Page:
Gen Z Congressman Maxwell Alejandro Frost on Why Music Is One of His Top Legislative Priorities

The lifelong musician, who's going to bat for artists on Capitol Hill, also shares his pump-up playlist

Maxwell Alejandro Frost Playlist
Illustration by Steven Fiche

    When Maxwell Alejandro Frost is asked to reflect on how he became the first member of Gen Z to be elected to Congress, he draws a straight line back to the first time he heard Camille Saint-Saëns’ “The Swan” performed on cello.

    “[It] was the first time I remember crying to music,” Frost tells Consequence. “And my dad just said, ‘It’s okay.’ Getting that vulnerability validated by my father, my dad, I think it really led to me who I am today. It made me okay with being vulnerable.”

    That vulnerability has inspired Frost to dedicate his life to service, and it’s what pushed him to run to become a representative for Florida’s 10th congressional district. As a progressive Democrat, Frost supports the Green New Deal, gun control, the decriminalization of cannabis and sex work, and reproductive justice. But a lot of Frost’s politics derive from his lifelong love of music.


    “One of my top three priorities for the next few months is actually art,” Frost says. While the arts conversation in Congress has typically centered on copyright law and arts education, Frost wants to focus on artists.

    “We’re the only major country in the world that does not provide direct grants to independent artists, venues and festivals to help spur their business,” Frost says. “In fact, it disproportionately impacts black and brown poor and working class musicians. And not just musicians, but artists who have to fund their dreams and use their rent money or use their food money for it.”

    He references Canada’s FACTOR, an artist development non-profit that has funded artists like Alvvays, Lido Pimienta, PUP, and Jessie Reyez, as a potential model to follow in the United States.


    “I think we need to support our independent artists more, and our government needs to be in the business of investing in American artists,” Frost says. He believes any investment in artists needs to include Medicare for All, affordable housing, and improved public transit.

    “A lot of it has to do with changing the way the money flows,” Frost points out. “Most of the art and culture grants go toward the big theaters, big museums, things like that. And these are important places, but the concern is that local artists usually won’t get a ton of opportunities to take part in a lot of these things. And our most vulnerable communities, most of them will never see the inside of these places. So how do we make sure that money is being distributed in an equitable way?”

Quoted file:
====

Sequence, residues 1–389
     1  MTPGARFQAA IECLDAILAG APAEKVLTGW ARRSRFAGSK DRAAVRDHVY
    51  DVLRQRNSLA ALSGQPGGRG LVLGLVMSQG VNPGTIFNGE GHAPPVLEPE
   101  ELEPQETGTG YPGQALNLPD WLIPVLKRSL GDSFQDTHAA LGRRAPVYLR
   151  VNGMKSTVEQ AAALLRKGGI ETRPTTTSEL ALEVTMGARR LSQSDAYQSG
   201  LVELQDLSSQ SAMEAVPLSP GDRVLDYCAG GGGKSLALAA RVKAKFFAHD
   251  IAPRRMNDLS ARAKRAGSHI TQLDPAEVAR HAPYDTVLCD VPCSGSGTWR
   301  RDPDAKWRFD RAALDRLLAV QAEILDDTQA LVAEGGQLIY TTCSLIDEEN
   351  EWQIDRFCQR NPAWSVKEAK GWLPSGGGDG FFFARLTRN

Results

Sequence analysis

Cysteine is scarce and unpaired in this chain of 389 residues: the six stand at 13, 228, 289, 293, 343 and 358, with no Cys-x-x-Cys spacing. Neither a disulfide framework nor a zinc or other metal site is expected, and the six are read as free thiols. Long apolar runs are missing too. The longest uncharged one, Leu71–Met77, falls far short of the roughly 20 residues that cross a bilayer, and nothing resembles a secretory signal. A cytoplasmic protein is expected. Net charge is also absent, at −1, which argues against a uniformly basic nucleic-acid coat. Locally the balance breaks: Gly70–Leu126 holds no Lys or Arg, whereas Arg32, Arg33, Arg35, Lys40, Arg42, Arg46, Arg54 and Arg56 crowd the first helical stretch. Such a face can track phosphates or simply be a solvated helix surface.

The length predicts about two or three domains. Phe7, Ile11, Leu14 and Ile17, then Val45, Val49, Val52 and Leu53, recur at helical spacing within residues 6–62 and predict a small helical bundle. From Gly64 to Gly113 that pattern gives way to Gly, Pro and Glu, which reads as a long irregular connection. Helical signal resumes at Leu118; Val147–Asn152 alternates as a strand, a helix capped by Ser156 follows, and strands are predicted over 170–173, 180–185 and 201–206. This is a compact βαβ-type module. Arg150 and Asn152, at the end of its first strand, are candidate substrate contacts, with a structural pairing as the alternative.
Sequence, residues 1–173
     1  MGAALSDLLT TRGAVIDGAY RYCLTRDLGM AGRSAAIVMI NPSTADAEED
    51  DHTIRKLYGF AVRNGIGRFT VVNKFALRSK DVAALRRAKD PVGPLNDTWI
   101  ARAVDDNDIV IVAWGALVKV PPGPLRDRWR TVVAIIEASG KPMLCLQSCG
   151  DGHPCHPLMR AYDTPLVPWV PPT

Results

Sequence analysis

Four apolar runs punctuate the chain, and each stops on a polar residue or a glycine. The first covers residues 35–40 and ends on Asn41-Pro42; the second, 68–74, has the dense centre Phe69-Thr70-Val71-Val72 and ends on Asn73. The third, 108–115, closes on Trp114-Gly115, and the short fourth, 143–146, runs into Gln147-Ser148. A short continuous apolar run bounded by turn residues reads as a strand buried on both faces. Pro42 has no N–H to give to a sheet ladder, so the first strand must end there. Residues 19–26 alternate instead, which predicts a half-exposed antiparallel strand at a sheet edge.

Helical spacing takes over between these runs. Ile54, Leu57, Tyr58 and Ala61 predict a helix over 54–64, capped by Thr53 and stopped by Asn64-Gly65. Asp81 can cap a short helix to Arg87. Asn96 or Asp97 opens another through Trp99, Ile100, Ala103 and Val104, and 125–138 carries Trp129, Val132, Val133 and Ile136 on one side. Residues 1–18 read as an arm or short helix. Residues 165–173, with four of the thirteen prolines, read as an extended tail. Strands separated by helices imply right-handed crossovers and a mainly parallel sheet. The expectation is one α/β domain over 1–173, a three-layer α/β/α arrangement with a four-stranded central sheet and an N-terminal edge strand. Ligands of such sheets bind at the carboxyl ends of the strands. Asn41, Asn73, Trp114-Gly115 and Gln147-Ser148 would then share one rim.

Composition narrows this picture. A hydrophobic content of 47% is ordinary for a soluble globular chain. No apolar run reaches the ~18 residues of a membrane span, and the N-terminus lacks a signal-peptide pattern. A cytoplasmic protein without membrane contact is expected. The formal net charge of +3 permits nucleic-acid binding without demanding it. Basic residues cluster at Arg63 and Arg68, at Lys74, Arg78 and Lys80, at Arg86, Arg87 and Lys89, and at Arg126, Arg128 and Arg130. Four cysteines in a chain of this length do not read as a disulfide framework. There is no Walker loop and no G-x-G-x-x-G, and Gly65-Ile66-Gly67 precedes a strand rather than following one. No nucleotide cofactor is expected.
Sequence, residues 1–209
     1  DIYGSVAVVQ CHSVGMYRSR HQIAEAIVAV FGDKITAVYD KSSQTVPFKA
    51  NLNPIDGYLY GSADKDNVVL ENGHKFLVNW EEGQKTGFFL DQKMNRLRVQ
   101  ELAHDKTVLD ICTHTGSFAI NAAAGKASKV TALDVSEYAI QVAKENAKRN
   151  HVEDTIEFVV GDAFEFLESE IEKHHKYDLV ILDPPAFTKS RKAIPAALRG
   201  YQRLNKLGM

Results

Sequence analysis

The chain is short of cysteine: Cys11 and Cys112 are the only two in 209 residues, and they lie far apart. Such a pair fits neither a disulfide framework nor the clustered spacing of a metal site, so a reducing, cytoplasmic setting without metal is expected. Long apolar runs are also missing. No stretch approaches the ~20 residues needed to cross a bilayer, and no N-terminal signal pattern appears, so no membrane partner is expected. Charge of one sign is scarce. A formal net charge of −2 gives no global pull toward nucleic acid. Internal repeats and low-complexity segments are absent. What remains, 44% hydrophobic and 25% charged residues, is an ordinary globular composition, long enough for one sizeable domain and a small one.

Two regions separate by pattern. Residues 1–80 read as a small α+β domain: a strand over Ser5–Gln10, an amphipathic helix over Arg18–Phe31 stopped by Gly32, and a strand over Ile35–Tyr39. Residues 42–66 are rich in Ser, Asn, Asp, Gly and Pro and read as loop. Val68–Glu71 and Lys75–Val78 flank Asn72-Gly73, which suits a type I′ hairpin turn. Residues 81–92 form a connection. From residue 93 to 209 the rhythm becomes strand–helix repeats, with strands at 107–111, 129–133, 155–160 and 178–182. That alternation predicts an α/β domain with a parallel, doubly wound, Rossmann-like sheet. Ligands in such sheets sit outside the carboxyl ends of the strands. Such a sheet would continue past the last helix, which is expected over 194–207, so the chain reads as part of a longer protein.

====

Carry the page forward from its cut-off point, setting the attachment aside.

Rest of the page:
Frost’s passion for music extends beyond policy goals, as the 26-year-old sees how music can build community and bring more people into the electoral process.


    “Each member of Congress does a yearly event in their community. A lot of people do community picnics — we’re actually looking at doing a music festival,” Frost says. He also hopes to set up a series of concerts on Capitol Hill as a way of “bridging the gap between cool and consciousness.”

    Frost is no stranger to organizing live events. He and a friend run Mad Soul, a music festival that donates all proceeds to mutual aid efforts to help unhoused youth in Central Florida. And as student government president at the Osceola County School for the Arts (where he studied jazz drums), Frost hosted concerts in the school’s courtyard during lunch. He also worked for Goldenvoice for six years, pitching in at Coachella and Stagecoach.

    Maxwell Alejandro Frost playlist

    Maxwell Alejandro Frost playing drums at an event


    As an avid concertgoer — he celebrated his victory in November by tweeting that he was going to see The 1975 perform — Frost will have to scale back the number of shows he attends now that he’s an elected official with a busy agenda. However, he still hopes to get out to a handful of concerts this year, including Paramore’s arena tour, showcases at South by Southwest, and a Coachella weekend.

    Below, Congressman Frost shares 10 songs he’s bumping in his AirPods as he walks around Washington, D.C. and gets work done as a legislator.